Stories in the Snow

As a local resident, guide for our company Earth Rhythms, and photographer, I am thrilled with the ability to share the stories I see in the snow during the winter months using the digital medium. The combination of digital image-making cameras and HD video combined with such powerful and simple to use tools like Mac OS iMovie (new version as of OS Mavericks is FANTASTIC and even easier and more intuitive to use) make it possible to share digital stories easily.

Riding Mountain National Park’s winter months offer superb opportunities to experience a national park when there are less visitors, no bugs, and using snowshoes gives you access to locations you would not easily get to in the other three seasons of the year. In addition, the snow surface itself provides an abundance of stories in the snow surface. The lack of leaves makes it much easier to “see into the bush” and see longer distances and catch sight of mammals and birds that you might not normally see.

Here is a fresh edition of Stories in the Snow – with a combination of photos and video. I hope that you enjoy!!

Snow and Hoarfrost Winter Magic

I find living in a snowy environment quite reassuring. Whether blizzard, sunlit morning, or soft snowfalls, it’s really quite magical if you pause and reflect on it for a moment. That is, a season of the year in which there are no bugs; we can walk on water; and we see the heavens at night filled with stars. Here are two images taken during the winter months: One is early morning on a very cold day (probably -20C or colder), in which we had a column of hoar frost crystals in front of our home. I am not sure what causes this kind of dazzling columnar effect, but it lasted long enough for me to have a cup of coffee and take the photo, before it dissipated. In the other photo, taken today (Dec. 4, 2013), a light snow-storm is brewing across Clear Lake in Riding Mountain National Park. Everything is muted. There is a stillness and it is cold and windy (-19C with windchill taking it down to -25C). The singular tones of this image setting are part of the great quiet and peace that I hope that we never take for granted in our national parks. Winter photography is fun. Just getting outdoors in winter is fun.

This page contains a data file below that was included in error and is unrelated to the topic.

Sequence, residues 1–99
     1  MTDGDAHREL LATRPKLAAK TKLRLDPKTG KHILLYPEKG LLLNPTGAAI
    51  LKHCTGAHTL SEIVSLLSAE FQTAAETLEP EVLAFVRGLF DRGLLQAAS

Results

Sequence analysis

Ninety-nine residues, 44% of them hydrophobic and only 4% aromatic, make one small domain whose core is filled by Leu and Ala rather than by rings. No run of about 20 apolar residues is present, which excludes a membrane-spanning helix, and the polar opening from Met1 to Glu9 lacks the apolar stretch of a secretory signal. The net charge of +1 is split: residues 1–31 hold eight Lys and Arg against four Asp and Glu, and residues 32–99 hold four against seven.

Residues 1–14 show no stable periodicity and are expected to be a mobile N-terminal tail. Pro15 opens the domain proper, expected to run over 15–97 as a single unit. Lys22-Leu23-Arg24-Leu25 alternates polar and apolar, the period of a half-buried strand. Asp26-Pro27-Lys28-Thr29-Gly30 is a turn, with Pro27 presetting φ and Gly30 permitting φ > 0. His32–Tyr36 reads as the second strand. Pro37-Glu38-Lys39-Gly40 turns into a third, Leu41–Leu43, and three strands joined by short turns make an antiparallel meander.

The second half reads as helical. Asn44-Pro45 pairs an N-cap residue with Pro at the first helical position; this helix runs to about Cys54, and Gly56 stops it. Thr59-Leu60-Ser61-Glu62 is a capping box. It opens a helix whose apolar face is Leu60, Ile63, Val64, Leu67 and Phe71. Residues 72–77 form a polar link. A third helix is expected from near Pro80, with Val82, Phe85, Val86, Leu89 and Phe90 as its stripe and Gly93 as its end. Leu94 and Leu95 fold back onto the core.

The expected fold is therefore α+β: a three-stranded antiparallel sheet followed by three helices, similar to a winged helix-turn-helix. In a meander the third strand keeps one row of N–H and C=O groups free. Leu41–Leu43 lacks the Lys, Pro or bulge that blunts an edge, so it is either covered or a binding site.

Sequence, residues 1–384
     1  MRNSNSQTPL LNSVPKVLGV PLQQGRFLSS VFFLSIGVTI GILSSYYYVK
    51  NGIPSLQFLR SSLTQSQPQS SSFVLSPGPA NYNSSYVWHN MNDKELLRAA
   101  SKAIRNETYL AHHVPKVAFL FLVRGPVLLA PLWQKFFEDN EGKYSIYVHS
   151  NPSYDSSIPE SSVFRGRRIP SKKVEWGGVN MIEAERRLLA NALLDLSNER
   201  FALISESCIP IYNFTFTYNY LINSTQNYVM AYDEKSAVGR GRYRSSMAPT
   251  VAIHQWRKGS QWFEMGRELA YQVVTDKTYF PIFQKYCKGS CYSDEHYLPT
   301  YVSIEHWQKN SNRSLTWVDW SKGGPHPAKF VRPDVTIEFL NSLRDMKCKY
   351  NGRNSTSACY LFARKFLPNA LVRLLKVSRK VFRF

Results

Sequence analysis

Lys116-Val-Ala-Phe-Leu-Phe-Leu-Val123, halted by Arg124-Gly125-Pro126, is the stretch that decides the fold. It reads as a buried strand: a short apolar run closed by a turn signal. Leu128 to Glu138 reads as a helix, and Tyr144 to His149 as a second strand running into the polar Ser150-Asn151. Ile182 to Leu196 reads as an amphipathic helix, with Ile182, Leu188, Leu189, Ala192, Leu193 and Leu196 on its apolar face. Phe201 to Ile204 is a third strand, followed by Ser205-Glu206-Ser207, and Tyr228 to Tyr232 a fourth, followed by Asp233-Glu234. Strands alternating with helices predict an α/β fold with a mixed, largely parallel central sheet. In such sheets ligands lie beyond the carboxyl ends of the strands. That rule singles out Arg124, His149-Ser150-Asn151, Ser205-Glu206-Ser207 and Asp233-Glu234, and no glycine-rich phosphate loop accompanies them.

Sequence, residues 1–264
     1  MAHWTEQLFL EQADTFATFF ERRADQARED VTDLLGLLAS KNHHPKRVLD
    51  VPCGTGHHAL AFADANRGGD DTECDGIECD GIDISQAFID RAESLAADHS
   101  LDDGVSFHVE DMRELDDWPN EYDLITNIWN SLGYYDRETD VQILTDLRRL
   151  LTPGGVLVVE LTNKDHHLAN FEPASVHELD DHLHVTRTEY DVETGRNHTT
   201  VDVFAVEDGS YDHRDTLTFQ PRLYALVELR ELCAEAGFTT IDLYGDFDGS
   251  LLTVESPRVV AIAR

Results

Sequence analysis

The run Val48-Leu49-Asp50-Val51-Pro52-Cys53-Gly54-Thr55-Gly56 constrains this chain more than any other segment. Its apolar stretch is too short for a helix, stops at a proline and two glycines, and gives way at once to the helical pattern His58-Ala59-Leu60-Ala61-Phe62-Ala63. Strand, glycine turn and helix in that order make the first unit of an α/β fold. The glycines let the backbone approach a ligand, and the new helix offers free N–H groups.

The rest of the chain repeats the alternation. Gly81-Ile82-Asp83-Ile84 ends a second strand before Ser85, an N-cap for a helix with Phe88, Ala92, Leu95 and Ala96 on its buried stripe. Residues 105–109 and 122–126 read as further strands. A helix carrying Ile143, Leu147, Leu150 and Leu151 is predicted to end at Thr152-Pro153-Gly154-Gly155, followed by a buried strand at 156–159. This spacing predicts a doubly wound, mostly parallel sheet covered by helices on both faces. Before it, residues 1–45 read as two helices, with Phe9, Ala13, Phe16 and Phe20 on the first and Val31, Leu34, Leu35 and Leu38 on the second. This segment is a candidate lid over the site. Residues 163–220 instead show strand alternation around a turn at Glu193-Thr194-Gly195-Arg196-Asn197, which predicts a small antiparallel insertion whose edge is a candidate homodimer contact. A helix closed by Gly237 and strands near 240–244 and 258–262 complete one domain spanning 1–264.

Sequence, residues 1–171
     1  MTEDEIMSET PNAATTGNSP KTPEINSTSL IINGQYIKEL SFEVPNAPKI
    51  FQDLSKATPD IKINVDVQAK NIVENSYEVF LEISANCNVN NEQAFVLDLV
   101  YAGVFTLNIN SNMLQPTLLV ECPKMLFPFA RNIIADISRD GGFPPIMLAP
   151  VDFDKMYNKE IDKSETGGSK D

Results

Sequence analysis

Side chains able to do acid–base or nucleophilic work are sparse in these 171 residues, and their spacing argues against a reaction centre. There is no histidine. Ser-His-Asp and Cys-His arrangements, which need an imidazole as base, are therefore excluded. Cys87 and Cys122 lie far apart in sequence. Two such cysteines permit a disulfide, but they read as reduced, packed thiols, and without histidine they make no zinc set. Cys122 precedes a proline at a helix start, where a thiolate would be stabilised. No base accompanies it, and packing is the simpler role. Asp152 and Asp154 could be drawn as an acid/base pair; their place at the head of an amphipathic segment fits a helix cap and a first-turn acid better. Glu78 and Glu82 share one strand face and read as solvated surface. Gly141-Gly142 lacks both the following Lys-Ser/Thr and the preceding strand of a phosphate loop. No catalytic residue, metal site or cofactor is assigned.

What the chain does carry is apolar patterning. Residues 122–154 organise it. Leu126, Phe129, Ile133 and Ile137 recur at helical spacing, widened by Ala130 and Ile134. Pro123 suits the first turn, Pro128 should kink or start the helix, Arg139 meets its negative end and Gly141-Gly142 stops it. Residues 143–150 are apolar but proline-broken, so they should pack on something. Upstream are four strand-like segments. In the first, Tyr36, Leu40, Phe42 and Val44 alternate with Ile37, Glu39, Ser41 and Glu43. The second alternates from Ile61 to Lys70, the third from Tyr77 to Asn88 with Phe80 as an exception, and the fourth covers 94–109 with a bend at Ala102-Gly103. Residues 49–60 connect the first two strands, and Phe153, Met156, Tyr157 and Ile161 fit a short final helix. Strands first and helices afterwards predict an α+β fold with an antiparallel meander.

Hoarfrost crystals in the air Clear Lake late afternoon snowstorm

Stars Stitched, Wolves Howled

Night sky viewing under full moon, riding mountain national park

When the full moon is up in February and you are out snowshoeing in Riding Mountain National Park, you do not need a headlamp or any kind of supplementary light. The blanket of snow acts as a big reflector illuminating your travel pathway. We had the opportunity to snowshoe under a full moon with a couple from Manitoba. With our head guide Buzz Crowston as our guide to the night sky using a special laser pointer, we headed to two off-trail locations. At the first one, as we shared stories of winter wolf ecology and behaviour, a pack of wolves (which the park has been monitoring) began howling. At the second location, we mused on the role of prescribed fire as we gazed on an eerie blackened landscape of spruce and jackpine spires thick like the back of an alarmed porcupine. The October prescribed burn in the Rolling River area quietly and expectantly waits for spring to release new growth into the landscape.